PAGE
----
MapBox some time ago started promising attempts to produce a new cloud free mosaic from MODIS satellite images and has now made available the result for use by their customers as well as the OSM community.
A bit of background information – MODIS is an imaging system on board of two NASA satellites in an orbit identical to Landsat which I just wrote about. One of the satellites (named Terra) has a morning window of view like Landsat while the other one (Aqua) records image from the afternoon. Since the MODIS instrument has a much larger field of view than Landsat (and correspondingly a lower resolution) it can record nearly the whole planet surface every day (with small gaps at the equator which are covered every second day). MODIS also has a more accurate sensor than the old Landsat TM/ETM system producing 12 bit data in 36 spectral bands. Below you can see an up-to-date global composite of a single day (May 9 2013). The lack of coverage in the very south is due to the polar night.
The mentioned characteristics have lead to MODIS data being widely used to produce global cloud free mosaics – the most well known being the Blue Marble and Blue Marble Next Generation images I wrote about previously. Now BMNG is already more than 8 years old and the MapBox attempt looks like an interesting update. It should be clear that the amount of data that needs to be processed for this is enormous. A single global image at the MODIS visual bands resolution is already several gigabytes and to achieve cloud-freeness in tropical regions you often need a huge number of individual images. I am doing this myself frequently for my 3d views at a smaller scale. So the following critical remarks are not meant to diminish the work of MapBox – but meant as constructive criticism.
Below you can see the new MapBox image for the whole globe (first) in comparison to the Blue Marble Next Generation (second)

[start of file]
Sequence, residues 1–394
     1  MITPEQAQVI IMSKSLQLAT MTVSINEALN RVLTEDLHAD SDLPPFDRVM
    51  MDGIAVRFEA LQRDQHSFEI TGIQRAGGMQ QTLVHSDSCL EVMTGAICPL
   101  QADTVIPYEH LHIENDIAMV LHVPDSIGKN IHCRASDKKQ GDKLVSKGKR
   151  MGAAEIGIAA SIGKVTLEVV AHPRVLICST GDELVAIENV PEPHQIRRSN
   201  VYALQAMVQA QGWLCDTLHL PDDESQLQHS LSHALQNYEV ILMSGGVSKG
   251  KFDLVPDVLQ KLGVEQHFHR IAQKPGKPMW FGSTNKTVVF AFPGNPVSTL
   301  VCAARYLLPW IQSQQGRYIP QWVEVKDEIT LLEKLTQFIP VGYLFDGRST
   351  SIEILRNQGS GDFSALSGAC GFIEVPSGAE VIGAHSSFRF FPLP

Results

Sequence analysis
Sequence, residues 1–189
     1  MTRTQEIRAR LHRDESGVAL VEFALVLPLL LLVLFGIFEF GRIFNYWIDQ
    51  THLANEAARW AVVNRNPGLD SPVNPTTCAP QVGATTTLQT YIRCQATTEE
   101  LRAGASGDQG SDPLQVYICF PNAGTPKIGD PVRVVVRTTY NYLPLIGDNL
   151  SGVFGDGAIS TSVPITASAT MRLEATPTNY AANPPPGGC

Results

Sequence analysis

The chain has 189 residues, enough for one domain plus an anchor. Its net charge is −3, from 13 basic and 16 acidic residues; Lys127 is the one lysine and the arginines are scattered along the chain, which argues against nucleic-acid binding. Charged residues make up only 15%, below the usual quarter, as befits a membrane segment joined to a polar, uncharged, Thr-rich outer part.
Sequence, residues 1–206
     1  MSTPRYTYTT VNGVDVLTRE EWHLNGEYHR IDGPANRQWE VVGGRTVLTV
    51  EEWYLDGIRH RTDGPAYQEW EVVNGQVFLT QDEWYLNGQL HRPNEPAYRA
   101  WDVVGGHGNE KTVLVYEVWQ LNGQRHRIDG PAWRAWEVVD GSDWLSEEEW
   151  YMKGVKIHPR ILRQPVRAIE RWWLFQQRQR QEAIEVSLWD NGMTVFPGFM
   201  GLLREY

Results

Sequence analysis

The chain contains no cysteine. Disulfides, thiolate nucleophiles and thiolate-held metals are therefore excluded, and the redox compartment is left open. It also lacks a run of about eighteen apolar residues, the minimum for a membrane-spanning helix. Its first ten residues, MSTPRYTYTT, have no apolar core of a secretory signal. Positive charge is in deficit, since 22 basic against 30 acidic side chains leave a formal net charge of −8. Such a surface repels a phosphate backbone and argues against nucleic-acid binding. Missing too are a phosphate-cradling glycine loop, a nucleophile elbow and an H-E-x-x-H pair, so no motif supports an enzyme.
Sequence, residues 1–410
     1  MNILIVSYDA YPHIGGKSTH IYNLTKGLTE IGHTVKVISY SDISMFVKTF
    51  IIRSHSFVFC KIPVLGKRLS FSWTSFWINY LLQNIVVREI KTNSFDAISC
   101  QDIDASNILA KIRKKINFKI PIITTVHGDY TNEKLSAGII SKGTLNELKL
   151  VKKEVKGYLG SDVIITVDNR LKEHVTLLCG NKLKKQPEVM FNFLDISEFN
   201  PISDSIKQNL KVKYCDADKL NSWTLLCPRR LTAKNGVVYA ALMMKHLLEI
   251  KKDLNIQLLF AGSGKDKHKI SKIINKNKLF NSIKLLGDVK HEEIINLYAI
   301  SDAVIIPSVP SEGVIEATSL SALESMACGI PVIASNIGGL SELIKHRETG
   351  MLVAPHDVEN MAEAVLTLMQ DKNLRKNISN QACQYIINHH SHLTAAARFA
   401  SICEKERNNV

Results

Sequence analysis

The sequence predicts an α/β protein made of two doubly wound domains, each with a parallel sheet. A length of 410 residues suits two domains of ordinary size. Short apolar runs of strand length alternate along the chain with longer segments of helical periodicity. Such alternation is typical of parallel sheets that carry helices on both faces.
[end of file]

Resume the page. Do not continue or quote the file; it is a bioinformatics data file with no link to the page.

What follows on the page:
MapBox has decided to process the images for much stronger and brighter colors. This seems to have been a last minute decision since the previously shown images are closer to the BMNG image – below first the published version and then the original preview and last the BMNG:
I can only guess that people at MapBox think the more saturated colors are more appealing to their customers. But you can also see in this example the downside of such processing – the bright areas of snow are blown and colors already strong in the original data (like deep greens) are out of gamut in the final image. Note the BMNG image is tone mapped as well, it is however done in a way avoiding blown colors and maintaining the overall color accuracy.
The other thing MapBox apparently changed for the images released is they cut away the ocean and replaced it by a uniform color as visible in the above example. This is understandable since it is much more difficult to produce a uniform cloud free ocean image than doing this for the land since the ocean changes much more rapidly. The ocean can also be disturbing when the focus of the map is on the land. For clipping they seem to have used a quite old and not very detailed land-ocean mask though (specifically not the current OpenStreetMap coastline). This is well visible in northern Greenland: